We receive quite a few enquiries regarding stainless steel water tanks compared to vitreous enamel lined hot water tanks when used in solar hot water applications. The following are a few points to help you in your decision as to which hot water tank suits your needs and situation.
Solar rated tanks and glass lining
Solar rated glass lined tanks have a significantly thicker vitreous enamel lining than a standard mains pressure hot water heater, due to the high temperatures experienced from the return line. It can withstand very high to boiling water temperatures under pressure. Vitreous enamel in standard water heaters dissolves above 70 degrees.
Stainless steel hot water tank strength
Stainless steel tanks are only as strong as the seam welds. However, they generally have a ten year warranty over standard five year warranty (minimum required by law) of glass lined tanks. They also cost on average $300-$400 more than a glass lined version.
The poorer the water quality, the stronger the argument to move away from stainless steel tanks, as impurities in the water can eat away at the silver in the weld, causing pinhole leaking and eventual failure. While stainless steel tanks have longer warranties, no manufacturer will honour a warranty if the TDS (Total Dissolved Solids) of the water is in excess of 600 ppm (parts per million).
Anodes and hydrogen production
Glass lined tanks have a magnesium sacrificial anode that ensures potable water quality (drinkable), by attracting the impurities away from the surrounding water supply. The anode can knock against the glass and electric element, causing “hot spots” on the element, or glass cracking/crazing, if transported lying down. It is vital that they are stored and transported standing upright.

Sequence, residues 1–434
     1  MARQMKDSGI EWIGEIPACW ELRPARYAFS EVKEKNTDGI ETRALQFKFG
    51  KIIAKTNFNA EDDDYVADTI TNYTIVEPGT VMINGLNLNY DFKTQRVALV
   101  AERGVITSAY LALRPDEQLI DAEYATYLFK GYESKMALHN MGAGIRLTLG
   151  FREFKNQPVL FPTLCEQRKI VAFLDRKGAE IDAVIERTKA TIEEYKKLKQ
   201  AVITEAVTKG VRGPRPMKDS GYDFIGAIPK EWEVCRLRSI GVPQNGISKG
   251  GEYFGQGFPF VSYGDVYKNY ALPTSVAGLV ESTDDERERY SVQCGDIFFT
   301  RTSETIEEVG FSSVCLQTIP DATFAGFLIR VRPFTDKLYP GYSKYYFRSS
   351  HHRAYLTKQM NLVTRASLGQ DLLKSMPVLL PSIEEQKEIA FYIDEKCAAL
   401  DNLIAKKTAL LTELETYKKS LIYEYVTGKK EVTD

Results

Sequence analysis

The release of hydrogen gas by an anode can sometimes occur if the water is not used for a long period of time. Small quantities of hydrogen are produced that generally remains dissolved and flushes away as hot water is drawn from the tank. Depending on the water quality and the area where the water heater is installed, there may be a degree of hydrogen build up in the tank if the water heater hasn’t been used for two or more weeks.
However, even with a stainless steel hot water tank, if water is left unused for two weeks, you will have some hydrogen build-up; which is indicated by the spurting of a hot water tap when it is first opened.
An aluminium anode can be used if your water supply is of poor water quality in order to extend the life of the tank. You can request a “hard water” aluminium anode to be fitted to Aquamax glass tanks as part of an Apricus solar hot water system; and if ordered through Energy Matters, there is no extra charge.
Anodes aren’t really an issue with rainwater tank water, but are definitely recommended for use with bore water, or poor water quality. Melbourne and Sydney water is of a good to very high quality. Adelaide is of very poor quality. Tasmanian water is regarded as the best in the world!
To combat hydrogen build-up, all water heaters have a pressure and temperature relief valve fitted to Australian Standards. You simply pull the lever and “purge” the tank for 30 seconds if you have been away on holidays for two weeks or more. This will dispel any hydrogen gas leeched from stagnant water.
If the system is used every day, the hydrogen does not separate from the oxygen in the water molecules, and this does not occur. Regardless, all tank manufacturers recommend you purge a system at least once every 6-12 months.
Do you have other questions about choosing a water heater tank best suited to your solar hot water needs? Contact one of our friendly team for no-obligation expert advice before you buy. Don’t forget, generous solar hot water rebates are still available!